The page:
Some scope repair companies are ISO certified. Others aren’t. “So what?” you might ask. Why should you care one way or another? All scope repair companies are the same, right? Certification makes no difference, right?

Wrong. It does matter.

ISO certification puts some companies’ heads above the rest and its requirements have a direct – and very positive – impact on the work and service you receive as a customer. Here’s how it affects you and your scope repair service.

What is ISO, anyway?

ISO (International Organization for Standardization) is a worldwide federation of national standards bodies, representing 127 countries. The object of ISO is to promote the development of standards around the world that facilitate the exchange of goods and services, and develop cooperation in intellectual, scientific, technological and economic activity.

Why is it ISO, and not IOS? Since the “International Organization for Standardization” would have different abbreviations in different languages (e.g. “IOS” in English; “OIN” in French for Organisation Internationale de Normalization), it was decided at the outset to use a word derived from the Greek isos, which means “equal.” Therefore, whatever the country, whatever the language, the short form of the organization’s name is always ISO.

What is ISO 13485?

ISO 13485 is a quality management standard produced by the worldwide ISO federation to ensure consistency in the quality control and assurance process in medical device manufacturing and service industries. These standards are written to fit all medical device businesses regardless of what the organization does and no matter its size or whether it’s in the private or public sector.

ISO certification is very similar to JCAHO. Companies that are ISO certified go through an audit process that is similar to what the hospitals go through for their JCAHO certification. Audits can be conducted annually or semi-annually depending on the size of the company and the complexity of the processes. There is one difference between the ISO and JCAHO certifications though: ISO certification is voluntary. Companies choose to go through the ISO certification process to improve themselves. These companies (like Total Scope) realize the importance of customer focus, consistent quality repairs, continual improvement, etc.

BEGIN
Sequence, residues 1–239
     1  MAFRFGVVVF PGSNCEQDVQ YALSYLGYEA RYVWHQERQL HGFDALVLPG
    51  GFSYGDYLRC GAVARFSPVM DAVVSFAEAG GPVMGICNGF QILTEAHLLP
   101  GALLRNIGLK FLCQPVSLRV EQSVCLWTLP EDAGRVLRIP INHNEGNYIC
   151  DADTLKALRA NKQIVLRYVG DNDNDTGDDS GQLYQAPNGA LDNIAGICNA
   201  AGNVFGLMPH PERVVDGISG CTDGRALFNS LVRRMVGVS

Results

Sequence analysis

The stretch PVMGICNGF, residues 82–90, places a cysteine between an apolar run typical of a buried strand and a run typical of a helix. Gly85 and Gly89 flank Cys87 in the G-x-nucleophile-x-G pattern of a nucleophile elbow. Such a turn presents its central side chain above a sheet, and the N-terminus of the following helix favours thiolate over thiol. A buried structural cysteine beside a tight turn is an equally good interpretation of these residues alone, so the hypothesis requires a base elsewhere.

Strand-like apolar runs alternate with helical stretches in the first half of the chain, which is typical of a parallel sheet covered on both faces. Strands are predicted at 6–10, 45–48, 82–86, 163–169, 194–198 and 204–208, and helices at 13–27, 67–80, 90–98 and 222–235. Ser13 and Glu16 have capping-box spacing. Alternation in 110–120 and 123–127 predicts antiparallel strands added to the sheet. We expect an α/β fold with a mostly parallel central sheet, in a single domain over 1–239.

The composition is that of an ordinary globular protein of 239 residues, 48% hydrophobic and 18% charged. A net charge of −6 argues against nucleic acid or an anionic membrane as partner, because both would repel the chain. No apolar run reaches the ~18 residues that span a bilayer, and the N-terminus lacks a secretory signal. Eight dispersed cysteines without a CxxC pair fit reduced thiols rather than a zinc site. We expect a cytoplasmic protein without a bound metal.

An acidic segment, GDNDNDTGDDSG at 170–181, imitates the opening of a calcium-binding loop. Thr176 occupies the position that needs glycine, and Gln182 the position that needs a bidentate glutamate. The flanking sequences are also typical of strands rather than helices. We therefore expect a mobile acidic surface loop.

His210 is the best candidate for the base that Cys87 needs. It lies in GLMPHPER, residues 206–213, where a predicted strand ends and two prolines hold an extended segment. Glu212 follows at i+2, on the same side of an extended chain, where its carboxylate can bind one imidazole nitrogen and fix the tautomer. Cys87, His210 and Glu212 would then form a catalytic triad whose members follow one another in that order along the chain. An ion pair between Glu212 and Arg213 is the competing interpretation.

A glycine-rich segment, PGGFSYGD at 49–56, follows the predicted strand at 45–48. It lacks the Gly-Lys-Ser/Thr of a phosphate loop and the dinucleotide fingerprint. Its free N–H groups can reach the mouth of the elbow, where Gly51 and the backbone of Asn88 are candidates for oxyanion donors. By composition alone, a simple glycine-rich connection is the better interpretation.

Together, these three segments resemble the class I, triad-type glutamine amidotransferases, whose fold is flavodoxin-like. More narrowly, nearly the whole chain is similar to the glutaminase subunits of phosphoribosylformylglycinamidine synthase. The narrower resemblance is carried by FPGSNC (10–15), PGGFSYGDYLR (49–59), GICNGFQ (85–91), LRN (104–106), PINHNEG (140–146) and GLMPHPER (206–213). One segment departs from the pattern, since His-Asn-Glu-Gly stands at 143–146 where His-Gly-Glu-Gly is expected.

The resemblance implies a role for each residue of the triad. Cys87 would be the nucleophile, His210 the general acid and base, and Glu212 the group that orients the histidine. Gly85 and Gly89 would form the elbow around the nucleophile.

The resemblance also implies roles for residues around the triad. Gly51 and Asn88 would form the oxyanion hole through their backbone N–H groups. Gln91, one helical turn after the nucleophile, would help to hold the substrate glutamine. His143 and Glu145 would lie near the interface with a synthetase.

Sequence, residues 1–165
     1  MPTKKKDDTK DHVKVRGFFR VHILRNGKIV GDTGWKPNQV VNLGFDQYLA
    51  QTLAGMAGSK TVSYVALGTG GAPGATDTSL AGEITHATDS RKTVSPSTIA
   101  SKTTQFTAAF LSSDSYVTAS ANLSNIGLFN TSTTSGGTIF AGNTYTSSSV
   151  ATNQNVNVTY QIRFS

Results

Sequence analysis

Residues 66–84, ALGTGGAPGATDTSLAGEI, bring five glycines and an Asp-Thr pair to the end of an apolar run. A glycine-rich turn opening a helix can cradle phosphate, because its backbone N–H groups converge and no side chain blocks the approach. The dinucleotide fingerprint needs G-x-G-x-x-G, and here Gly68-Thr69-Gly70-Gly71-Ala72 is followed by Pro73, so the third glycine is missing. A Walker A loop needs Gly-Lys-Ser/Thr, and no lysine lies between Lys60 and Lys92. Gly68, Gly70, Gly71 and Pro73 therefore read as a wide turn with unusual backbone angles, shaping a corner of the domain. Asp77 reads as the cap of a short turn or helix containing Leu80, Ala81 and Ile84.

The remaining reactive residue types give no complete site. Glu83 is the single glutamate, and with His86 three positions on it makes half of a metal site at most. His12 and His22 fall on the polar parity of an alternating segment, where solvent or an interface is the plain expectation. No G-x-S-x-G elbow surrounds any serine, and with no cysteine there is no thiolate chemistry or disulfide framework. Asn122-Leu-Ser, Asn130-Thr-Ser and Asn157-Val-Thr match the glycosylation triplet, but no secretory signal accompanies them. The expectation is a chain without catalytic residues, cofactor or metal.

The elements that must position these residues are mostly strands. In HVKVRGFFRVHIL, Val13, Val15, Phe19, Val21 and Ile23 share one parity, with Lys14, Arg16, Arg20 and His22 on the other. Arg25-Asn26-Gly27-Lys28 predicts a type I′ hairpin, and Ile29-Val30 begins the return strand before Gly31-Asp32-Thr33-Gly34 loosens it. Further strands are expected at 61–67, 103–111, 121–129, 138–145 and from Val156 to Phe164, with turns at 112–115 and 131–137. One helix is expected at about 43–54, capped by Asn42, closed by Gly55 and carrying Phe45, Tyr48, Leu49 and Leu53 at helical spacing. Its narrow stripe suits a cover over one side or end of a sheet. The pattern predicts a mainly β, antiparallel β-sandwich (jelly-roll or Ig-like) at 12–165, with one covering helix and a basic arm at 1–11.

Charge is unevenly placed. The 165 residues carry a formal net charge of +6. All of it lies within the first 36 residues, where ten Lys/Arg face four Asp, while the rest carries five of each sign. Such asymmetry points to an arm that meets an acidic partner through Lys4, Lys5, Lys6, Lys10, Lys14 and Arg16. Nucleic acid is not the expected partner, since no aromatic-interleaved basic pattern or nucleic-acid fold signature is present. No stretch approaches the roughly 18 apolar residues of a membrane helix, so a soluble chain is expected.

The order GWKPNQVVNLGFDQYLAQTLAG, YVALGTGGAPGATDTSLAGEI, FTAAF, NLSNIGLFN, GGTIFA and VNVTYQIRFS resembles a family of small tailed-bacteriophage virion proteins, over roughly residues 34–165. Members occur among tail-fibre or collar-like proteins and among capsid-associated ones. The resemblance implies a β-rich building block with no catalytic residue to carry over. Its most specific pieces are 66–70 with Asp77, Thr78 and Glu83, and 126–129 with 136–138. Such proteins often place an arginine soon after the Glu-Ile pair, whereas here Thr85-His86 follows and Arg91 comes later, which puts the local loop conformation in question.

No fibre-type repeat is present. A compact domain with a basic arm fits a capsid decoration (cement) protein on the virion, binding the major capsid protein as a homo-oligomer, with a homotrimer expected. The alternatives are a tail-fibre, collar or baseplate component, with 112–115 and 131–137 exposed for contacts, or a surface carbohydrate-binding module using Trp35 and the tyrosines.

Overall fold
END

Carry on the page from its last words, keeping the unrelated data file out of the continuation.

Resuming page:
Some companies claim to be ISO “compliant.” This claim means absolutely nothing. No third party has verified that the company does, in fact, meet all the requirements of the ISO standard. This is like a hospital claiming to be JCAHO compliant. Without the audit, there’s no way to prove it.

To become ISO 13485 certified, all companies must meet stated quality requirements in a range of areas. Here’s a rundown of affected company functions:

  1. Management responsibility and quality assurance system
  2. Order review
  3. Document control
  4. Supplier qualification and part verification
  5. Lot identification, traceability, and customer product
  6. Process control
  7. Inspection, testing, and status
  8. Control of measuring devices
  9. Control of nonconforming product
  10. Corrective and preventive action
  11. Handling, storage, packaging, preservation, and delivery
  12. Control of quality records
  13. Internal quality audits
  14. Competence and training
  15. Product servicing
  16. Statistical techniques
  17. Internal communication
  18. Customer feedback system
  19. Risk assessment
  20. Planning
  21. Process based system
  22. Resource management
  23. Continual improvement
  24. Process and software validations

Following are brief explanations of what these requirements mean for each area and how they benefit you, the customer.